Every pitch book is different. Every business is different. Every investor is different. Despite this, the same mistakes are made repeatedly when creating pitch book slides.
These five essential rules, drawn from our experience of creating great investor pitch books, will help you impress.
1. Start with the big picture
To build on the Eurythmics song: Behind every great pitch is a great message. There should be one big clear message underpinning your pitch. And one clear message for each slide. Creating these is the hardest part of putting an investment pitch together, but it is also where the most valuable work is done.
2. Decide how to use your document
Are you creating a handout to be read afterwards? Or something to be projected on a screen? Or a document that you go through in the meeting page by page? These three uses require different documents. Design your document for the use intended. One size does not fit all.
3. Tell the story in the headings
Think like a journalist. Make your headlines count. They need to grab attention and inform. They need to be interesting and push your story forward. The headline writer at a newspaper is one of the best-paid jobs. Work with someone who can write great headlines for you.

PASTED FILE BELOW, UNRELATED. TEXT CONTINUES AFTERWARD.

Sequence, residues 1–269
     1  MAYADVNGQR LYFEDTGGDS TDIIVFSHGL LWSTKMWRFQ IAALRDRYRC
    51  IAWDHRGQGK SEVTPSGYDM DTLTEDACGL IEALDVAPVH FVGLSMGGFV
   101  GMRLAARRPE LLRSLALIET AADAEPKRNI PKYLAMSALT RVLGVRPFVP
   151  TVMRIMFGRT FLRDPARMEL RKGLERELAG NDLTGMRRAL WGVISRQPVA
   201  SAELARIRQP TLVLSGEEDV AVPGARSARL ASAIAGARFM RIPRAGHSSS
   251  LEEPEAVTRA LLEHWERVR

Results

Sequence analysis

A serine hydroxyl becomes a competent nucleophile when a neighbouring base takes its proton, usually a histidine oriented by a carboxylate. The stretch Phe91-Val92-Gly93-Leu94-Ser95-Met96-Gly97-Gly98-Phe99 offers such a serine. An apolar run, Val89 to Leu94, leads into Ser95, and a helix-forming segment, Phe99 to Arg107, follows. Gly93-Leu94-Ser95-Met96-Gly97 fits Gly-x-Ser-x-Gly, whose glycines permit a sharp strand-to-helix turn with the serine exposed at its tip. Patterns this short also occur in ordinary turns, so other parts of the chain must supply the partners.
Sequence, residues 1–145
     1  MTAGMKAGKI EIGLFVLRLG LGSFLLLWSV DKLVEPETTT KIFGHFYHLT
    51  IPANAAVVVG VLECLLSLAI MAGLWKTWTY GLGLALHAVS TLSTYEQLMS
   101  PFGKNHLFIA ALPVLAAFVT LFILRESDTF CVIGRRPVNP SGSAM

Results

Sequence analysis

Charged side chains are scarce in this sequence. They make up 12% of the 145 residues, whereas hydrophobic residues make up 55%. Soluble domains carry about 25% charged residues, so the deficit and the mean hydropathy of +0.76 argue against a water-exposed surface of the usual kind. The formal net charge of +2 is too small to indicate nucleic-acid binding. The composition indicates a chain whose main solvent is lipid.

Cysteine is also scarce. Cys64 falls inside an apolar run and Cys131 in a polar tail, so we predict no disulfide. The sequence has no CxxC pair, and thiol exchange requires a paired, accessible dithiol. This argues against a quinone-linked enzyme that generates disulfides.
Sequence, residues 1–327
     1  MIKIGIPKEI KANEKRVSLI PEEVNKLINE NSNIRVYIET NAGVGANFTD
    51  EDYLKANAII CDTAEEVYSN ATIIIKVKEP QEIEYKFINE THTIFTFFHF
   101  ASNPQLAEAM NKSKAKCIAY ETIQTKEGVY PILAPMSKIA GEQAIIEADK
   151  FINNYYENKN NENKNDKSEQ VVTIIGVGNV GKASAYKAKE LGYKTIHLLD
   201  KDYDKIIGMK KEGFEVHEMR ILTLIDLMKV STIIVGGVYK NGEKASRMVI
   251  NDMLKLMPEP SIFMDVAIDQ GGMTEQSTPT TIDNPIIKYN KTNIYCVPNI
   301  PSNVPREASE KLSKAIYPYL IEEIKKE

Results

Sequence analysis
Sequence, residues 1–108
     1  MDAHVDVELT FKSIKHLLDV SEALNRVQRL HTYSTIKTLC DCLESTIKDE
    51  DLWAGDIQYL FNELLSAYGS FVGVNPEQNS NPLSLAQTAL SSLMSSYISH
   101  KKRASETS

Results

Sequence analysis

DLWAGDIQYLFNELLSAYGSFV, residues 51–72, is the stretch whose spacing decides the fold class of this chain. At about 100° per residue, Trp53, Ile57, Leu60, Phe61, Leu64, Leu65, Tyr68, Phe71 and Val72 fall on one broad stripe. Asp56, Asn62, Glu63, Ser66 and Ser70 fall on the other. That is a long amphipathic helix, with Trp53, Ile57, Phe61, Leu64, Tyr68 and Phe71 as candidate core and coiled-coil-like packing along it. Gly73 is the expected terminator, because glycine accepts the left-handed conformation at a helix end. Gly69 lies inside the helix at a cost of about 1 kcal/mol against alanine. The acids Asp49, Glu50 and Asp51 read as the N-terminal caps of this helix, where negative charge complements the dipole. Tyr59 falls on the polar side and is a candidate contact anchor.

4. Make it interesting
That may sound obvious. But, we usually find extensive padding in investor pitches. Take out everything non-essential and keep only what the investor needs to know. Say less, and say it better is a good rule of thumb. Move pages to the appendix if you are not sure.
5. Check that it is easy for your audience
Imagine your audience sitting there reading the document. You are short of time, under pressure and lazy. Is the document easy to read? Does the important information leap out? Does it answer all the questions that the investor will have on top of her list? Keep improving the document until it is as easy to read as a newspaper.
These five golden rules will help you create better pitch books. And, if you want help with your pitch books, we would be delighted to discuss what we can do.
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“The new presentation properly represents the institutional quality of our fund. It has been a step change of us.”
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